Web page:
The California Alfalfa and Forage Symposium, presented by the UC Alfalfa Workgroup, is always a good place to get feedback from CAFA members and other industry sources. One thing that stood out at the 2005 symposium, held in Visalia last December, is the comments that CAFA members about the Association’s newsletter.

Several mentioned that they read the newsletter as soon as they get it and, several companies who advertised in CAFA News were pleased with the response they got. It would be nice to take credit for the positive comments, but most of the credit goes to Seth Hoyt’s hay market analysis articles. One CAFA member who works for a large grower is so eager to see Hoyt’s articles that we e-mail him the copy the day CAFA receives it.

A senior economist for the National Agricultural Statistics Service, California Field Office, Hoyt has been mentioned in this column before. But he deserves to be recognized again for his service to CAFA and the alfalfa and forage industry. His articles are thorough, highly informative and cover the major factors that drive the market, from acreage statistics to out-of-state hay shipments to the economic health of the dairy industry.

His 1,900-word article in the December issue of CAFA News offers insight into the factors that drove the 2005 market and the outlook for 2006. Last year CAFA mailed eight newsletters to its members and five of them had Hoyt’s market analysis articles. At last’s May UC Field Day in Davis, CAFA Board Member Philip Bowles of Bowles Farming in Los Banos, gave a brief talk about CAFA and noted that the market analysis articles are “worth the price of a membership.”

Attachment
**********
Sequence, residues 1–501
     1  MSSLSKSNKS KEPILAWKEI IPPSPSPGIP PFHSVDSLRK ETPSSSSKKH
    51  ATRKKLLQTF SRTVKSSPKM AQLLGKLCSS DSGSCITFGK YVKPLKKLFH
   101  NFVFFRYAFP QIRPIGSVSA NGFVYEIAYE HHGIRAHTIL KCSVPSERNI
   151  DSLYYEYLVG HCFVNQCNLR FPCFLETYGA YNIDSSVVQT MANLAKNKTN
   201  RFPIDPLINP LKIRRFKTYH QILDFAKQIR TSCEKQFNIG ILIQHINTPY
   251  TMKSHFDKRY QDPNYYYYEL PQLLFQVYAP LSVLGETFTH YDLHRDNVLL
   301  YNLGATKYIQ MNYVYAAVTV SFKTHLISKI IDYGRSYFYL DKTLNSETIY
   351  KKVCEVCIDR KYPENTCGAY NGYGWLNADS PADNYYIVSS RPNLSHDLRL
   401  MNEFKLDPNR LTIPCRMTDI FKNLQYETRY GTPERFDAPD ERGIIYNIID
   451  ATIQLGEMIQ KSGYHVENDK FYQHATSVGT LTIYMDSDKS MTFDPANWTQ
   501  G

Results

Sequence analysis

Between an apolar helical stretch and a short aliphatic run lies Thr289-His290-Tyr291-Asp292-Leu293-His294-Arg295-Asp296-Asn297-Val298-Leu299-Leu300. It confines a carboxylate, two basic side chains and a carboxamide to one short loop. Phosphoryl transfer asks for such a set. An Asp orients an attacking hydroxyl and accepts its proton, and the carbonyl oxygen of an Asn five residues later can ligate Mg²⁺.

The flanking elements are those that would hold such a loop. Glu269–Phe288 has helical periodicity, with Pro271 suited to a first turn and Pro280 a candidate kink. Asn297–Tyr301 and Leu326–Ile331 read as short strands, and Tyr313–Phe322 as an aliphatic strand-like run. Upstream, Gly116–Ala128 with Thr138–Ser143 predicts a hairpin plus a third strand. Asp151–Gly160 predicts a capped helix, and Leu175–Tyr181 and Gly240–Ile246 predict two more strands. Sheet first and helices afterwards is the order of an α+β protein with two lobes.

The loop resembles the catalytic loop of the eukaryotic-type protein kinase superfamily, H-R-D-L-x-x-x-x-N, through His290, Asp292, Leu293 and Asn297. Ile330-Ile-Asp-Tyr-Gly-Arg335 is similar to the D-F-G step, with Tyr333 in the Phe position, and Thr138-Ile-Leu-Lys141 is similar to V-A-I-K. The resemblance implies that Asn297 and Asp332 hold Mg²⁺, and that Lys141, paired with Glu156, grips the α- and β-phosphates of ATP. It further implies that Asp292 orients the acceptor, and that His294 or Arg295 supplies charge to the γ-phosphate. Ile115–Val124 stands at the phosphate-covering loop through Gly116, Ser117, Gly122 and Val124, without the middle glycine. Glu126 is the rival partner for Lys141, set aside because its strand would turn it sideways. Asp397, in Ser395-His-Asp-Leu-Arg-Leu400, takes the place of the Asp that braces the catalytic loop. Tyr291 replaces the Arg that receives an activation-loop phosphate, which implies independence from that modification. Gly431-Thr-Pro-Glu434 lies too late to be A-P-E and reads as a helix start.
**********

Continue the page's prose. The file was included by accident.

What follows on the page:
The symposium is also the site of the association’s annual meeting and in 2002 CAFA chair Jess Dancer changed the timing from an evening meeting to a breakfast gathering. It has been a success, drawing about 100 guests for the last two years. This year’s breakfast meeting was sponsored by DuPont Ag Products and the guest speaker was Ed Galvan, a dairy consultant to Congressman Devin Nunes, who represents the 21st Congressional District, which includes Fresno and Tulare counties. Congressman Nunes was unable to attend CAFA’s annual meeting due to a scheduling conflict.

Galvan spent more than 25 years in the dairy industry, including nine years as a dairy co-op manager. His dairy industry experience was evident as he summarized issues that California’s No. 1 agricultural industry faces. The annual meeting also marked the presentation of the first annual, “Jim Kuhn Leadership Award.” The award was dedicated to Jim Kuhn, whose life was cut short in a vehicle accident last August. An innovator who made significant contributions to the alfalfa and forage industry, Kuhn was a major force in establishing CAFA and supporting it from its inception.

The symposium was also an opportunity for CAFA to organize an evening meeting with other western states hay associations. The meeting was a follow up to last year’s effort work with the National Alfalfa and Forage Alliance, a recently formed organization will focus on working with members of Congress on issues such as the Farm Bill. It’s a development that all agree is sorely needed for the alfalfa and forage industry to move forward.